KimWow, thank you. Honestly, I don't think of myself as tenacious at all. And definitely not ambitious. It takes me forever to do anything. I just know that I can't not write. I need the outlet. I guess the thing that keeps me going is wanting to share my art. Like, hey, I made this thing, and I want you to read it. But also, don't criticize me because I'm sensitive. Isn't being an artist grand? Also, I don't know if I am full of passion. I just don't know how to do other things. Believe me, if someone was giving out talent, I'd ask to be a singer or polyglot or something. Ugh, who wants to be a writer? It's demoralizing by its very nature. I don't think this answer helped anyone.

KarissaI disagree. Getting inside the minds of other writers is always helpful/useful to me as I deal with my own authorial brain weasels. It's nice to know other authors have similar thoughts and feelings to my own. Okay, getting back to the book specifically--I have become an absolute audiobook junkie over the last two or three years.  Do you know if there are any plans for Death of a Dancing Queen becoming an audiobook any time soon?

KimberlyYES! YES! YES! It's my first audiobook, and I got to select the narrator! I'm so excited.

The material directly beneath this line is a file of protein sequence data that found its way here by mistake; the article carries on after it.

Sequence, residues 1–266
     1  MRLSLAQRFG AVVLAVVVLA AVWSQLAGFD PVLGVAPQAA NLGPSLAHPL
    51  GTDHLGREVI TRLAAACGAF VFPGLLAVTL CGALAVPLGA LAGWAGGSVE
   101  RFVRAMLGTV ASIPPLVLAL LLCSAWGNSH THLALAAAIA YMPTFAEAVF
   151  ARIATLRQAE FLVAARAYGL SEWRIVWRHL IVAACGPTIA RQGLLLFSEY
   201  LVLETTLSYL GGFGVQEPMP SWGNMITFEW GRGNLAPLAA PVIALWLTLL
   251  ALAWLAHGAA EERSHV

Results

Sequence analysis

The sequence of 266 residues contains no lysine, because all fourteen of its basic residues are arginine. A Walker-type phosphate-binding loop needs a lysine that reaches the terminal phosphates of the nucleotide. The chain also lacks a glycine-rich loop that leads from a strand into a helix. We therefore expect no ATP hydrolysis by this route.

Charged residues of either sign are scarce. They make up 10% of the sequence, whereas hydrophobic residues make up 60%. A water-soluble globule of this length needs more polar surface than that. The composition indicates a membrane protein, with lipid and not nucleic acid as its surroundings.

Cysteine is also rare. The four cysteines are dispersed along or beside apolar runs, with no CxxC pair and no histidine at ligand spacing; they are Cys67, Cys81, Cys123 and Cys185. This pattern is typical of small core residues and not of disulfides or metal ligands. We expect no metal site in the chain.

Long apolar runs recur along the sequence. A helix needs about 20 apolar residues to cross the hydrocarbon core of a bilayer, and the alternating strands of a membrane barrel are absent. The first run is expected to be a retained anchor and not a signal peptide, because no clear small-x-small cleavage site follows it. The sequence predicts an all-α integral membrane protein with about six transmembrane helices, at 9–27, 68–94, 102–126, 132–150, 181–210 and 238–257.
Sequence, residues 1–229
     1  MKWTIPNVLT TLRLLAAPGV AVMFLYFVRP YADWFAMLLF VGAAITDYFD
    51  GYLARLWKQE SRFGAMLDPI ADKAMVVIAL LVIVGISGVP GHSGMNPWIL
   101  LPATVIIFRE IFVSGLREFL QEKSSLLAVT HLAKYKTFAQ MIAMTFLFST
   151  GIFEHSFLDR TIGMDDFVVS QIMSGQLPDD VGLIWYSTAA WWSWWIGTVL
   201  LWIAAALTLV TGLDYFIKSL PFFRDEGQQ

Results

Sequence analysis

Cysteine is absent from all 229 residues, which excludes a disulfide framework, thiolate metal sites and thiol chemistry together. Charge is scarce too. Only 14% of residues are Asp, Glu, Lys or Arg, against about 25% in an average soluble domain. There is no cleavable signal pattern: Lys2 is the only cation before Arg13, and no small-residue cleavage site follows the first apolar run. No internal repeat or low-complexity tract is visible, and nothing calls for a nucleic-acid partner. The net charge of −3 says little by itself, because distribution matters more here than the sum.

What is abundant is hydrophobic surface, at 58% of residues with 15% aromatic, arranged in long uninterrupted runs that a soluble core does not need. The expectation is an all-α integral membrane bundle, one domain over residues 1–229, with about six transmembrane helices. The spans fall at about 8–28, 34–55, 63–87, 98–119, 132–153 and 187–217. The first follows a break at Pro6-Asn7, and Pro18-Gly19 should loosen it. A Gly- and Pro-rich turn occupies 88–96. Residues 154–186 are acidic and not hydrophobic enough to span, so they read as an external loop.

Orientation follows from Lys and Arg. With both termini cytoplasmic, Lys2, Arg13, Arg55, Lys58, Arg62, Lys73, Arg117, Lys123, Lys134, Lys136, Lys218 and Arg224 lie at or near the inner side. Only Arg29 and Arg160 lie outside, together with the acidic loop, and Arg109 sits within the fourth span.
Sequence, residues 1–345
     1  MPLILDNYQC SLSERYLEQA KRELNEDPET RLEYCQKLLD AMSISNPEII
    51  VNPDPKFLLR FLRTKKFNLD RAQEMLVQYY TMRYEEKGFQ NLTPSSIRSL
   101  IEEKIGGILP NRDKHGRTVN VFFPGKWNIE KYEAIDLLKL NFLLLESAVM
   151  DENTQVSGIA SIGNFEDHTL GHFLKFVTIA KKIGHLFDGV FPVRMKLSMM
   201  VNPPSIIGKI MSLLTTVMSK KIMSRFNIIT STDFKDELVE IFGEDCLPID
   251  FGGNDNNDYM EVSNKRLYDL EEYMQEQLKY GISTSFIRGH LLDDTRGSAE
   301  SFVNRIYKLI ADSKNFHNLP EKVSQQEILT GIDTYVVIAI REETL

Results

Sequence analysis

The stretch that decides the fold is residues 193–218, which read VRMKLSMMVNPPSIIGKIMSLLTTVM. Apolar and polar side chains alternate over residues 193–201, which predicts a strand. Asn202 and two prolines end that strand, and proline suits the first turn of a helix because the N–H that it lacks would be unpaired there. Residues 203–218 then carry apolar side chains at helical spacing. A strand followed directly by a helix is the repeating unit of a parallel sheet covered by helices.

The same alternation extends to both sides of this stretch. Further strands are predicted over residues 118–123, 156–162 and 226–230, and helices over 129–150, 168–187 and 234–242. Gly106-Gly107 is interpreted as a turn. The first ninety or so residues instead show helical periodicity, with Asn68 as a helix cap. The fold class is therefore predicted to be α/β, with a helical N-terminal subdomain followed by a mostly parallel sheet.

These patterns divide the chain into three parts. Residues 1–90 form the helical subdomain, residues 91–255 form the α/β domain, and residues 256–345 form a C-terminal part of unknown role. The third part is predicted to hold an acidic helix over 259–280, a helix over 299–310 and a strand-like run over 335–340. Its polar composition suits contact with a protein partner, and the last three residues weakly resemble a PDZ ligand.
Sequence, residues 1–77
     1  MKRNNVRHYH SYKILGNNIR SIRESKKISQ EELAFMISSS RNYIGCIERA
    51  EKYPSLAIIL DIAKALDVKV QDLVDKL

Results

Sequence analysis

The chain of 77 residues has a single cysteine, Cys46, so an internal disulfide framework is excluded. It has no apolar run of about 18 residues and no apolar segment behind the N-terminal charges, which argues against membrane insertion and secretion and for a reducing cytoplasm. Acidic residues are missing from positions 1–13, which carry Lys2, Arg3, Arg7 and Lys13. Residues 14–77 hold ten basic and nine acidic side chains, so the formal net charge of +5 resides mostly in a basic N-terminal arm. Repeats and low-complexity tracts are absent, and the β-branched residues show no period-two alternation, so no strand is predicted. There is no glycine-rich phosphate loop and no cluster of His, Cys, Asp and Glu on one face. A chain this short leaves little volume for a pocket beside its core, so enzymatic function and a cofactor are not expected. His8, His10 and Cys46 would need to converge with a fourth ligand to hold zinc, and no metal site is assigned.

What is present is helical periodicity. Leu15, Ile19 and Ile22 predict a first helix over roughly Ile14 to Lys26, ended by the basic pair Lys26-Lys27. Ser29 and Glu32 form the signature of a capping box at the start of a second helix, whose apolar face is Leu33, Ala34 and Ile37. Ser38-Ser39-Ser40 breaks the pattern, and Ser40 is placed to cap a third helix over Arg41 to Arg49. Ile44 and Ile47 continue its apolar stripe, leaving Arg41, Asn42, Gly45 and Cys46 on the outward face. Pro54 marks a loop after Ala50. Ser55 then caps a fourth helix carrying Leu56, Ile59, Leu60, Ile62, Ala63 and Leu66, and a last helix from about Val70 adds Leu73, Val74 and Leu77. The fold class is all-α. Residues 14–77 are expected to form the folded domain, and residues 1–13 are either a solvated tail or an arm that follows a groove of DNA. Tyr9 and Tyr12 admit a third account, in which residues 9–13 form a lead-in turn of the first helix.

Karissa: My last question has nothing to do with books or writing, but, since today is Thanksgiving, would you mind sharing how you celebrate (assuming you do) and tell us the one food that you can't go without at a Thanksgiving meal? Mine is my Granny B's dressing. She has passed on, but it's not Thanksgiving without her dressing, and thankfully my mom and aunt make pretty dependable replicas of it in my Grandmother's absence.

KimberlyWe're going to my in-laws in Howell, New Jersey. I bring homemade cranberry sauce, and my husband makes his grandma's sausage stuffing. My favorite dish is green bean casserole, but since I am the only one who eats it, we skip it. Sad face. Italian T-day is a trip because there's more turkey than people.

Karissa: Look, I'm not going to lie...I don't mind a good green bean casserole. I don't know why they get so much hate. As long as they're hot and not too soggy or soupy, I will happily put it on my plate.

Thanks for joining me today, Kimberly, and letting me pick your brain about your new book.

DEATH OF A DANCING QUEEN is available now at these fine retailers:

1 comment:

Kimberly G. Giarratano said...

Thank you for having me! It was a fun Q&A.